• Tip: If you are over age 55, research Medicaid estate recovery. In some cases, when you die, Medicaid will take the property or savings you may have left.

I live in: New York

  • Approval time: 2 months
  • Hours: 28 initially. Now 14.
  • Program: Medicaid long term care.
  • Bonus: Transportation
  • Tip: Make sure your doctor really understands your limitations and accurately describes then on her form. If you have an illness like ME, you may have to be prepared to educate the assessment person about the nature of your illness and limitations.
  • Tip: If your income is too high for Medicaid, you might still qualify through Medicaid working disabled program.

I live in: Pennsylvania

  • Approval time: 3 months
  • Hours: 46 per week
  • Tip: You need a doctor to say you meet nursing-home care criteria, so you need a doctor to listen to you.
  • Tip: You must indicate if you need help with Activities of Daily Living (bathing, dressing, eating, bathroom, mobility)
  • Tip: Make sure to tell them if you are at risk for falls. This helps your application. My caseworker writes “assistance as needed and supervision” with every activity, because I need help when my symptoms are bad, plus I am at risk for falls and in the past I fell in the bathroom and broke my leg.

I live in: CALIFORNIA

  • PROGRAM NAME: IHSS
  • APPROVAL TIME: 2 weeks. During the SSI Financial Interview, the worker asked my disabled daughter if I helped her at home. She told us to apply for IHSS because my daughter already qualified as a Medi-Cal (Medicaid) recipient. We applied by phone; the Social Worker visited home and completed Needs Assessment.
  • AFTER APPROVAL: I am now my daughter’s provider. I had to attend IHSS Orientation. Paychecks were backdated to date of application.
  • Hours: 12 hours, 9 minutes per week.
  • TIP: Because I live with my client (daughter), I do not have to pay Federal or State Income tax on my IHSS paycheck.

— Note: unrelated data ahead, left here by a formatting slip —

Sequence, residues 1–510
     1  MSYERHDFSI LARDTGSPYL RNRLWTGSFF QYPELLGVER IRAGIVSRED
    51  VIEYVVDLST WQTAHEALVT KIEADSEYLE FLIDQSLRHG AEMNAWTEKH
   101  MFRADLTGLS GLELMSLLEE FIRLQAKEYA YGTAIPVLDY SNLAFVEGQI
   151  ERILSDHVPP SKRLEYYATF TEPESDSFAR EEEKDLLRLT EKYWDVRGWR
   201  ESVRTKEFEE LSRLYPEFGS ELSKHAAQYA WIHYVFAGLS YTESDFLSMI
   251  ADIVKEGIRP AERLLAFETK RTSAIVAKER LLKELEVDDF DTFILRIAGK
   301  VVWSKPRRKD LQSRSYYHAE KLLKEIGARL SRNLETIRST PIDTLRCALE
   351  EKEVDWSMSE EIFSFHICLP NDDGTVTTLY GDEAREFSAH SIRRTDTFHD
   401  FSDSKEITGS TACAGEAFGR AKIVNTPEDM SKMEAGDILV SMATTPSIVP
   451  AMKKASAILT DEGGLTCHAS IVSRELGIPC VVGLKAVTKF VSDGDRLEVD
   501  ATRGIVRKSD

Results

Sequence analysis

• TIP: If your caregiver does any “paramedical” services (infusions, catheterization, etc.) you should prepare Form SOC 321 in advance with your primary care physician. Because I administer IV meds, the Social Worker told us to have her doctor complete Form SOC 321, so that I could be paid for that as well.

I live in: New York

  • Approval time: One week to start services in a temporary program. 30 days to get approved for ongoing services. Several months to get ongoing services set up.
  • Hours: 20 per week
  • Program: Long-Term Care Services through Department of Social Services
  • Bonus: Other benefits: Home delivered meals, toilet bars, shower seat, other equipment, social worker to come to house to help with paperwork. They re-certify me every six months to see if I still qualify or if changes need to be made.
  • Tip: It’s important to be your own health advocate and fight for the services you need.
  • Tip: Consider self-directed care. After two years, and dozens of aides (breaking stuff, stealing stuff, causing me stress), we made the decision to go with Consumer Directed Home Care which allowed me to name whomever I wanted as my aide. My daughter took over and now she is my aide.

I live in: Indiana

  • Approval time: 6 months to apply + 1 month to start services
  • Hours: 15 per week

I live in: Indiana

  • Approval time: My family set up a Special Needs Trust so I could qualify financially for Medicaid. It took me a while to get on Medicaid, but once I got Medicaid, it didn’t take all that long to get into the Waiver program.
  • Hours: 95 per week
  • Program: Indiana Consumer Directed Attendant Care Program
  • Bonus: This program also covers assistance in the community, for example visiting family, shopping, attending church, meetings or community activities.
  • Bonus: Parents can be providers for adult children, and can live-in if the person’s needs require it.
  • Bonus: I select my own Personal Care Attendants. College students make great attendants.
  • Tip: Many caseworkers are friendly and want to help you. However, this waiver is not well known so they may not be familiar with it. Read the program documentation carefully and write down your needs in detail.
  • Tip: Describe each task you need assistance with, how long it takes and why it takes that long. This will help your case worker to advocate for you to get the hours you need.

I live in: California

  • Approval time: 2 weeks.
  • After approval: I am the aide for my child so I had to go to orientation and set up pay system. Paychecks back-dated to date of application.
  • Hours: 13 hours per week
  • Program: IHSS
  • Tip: In California, you can google the “IHSS Advocate Manual” It provides a “Needs Self-Assessment” chart which helps when you have your social worker visit. If your caregiver does any “paramedical” services (infusions, catheterization, etc.) you should prepare Form SOC 321 in advance with your PCP.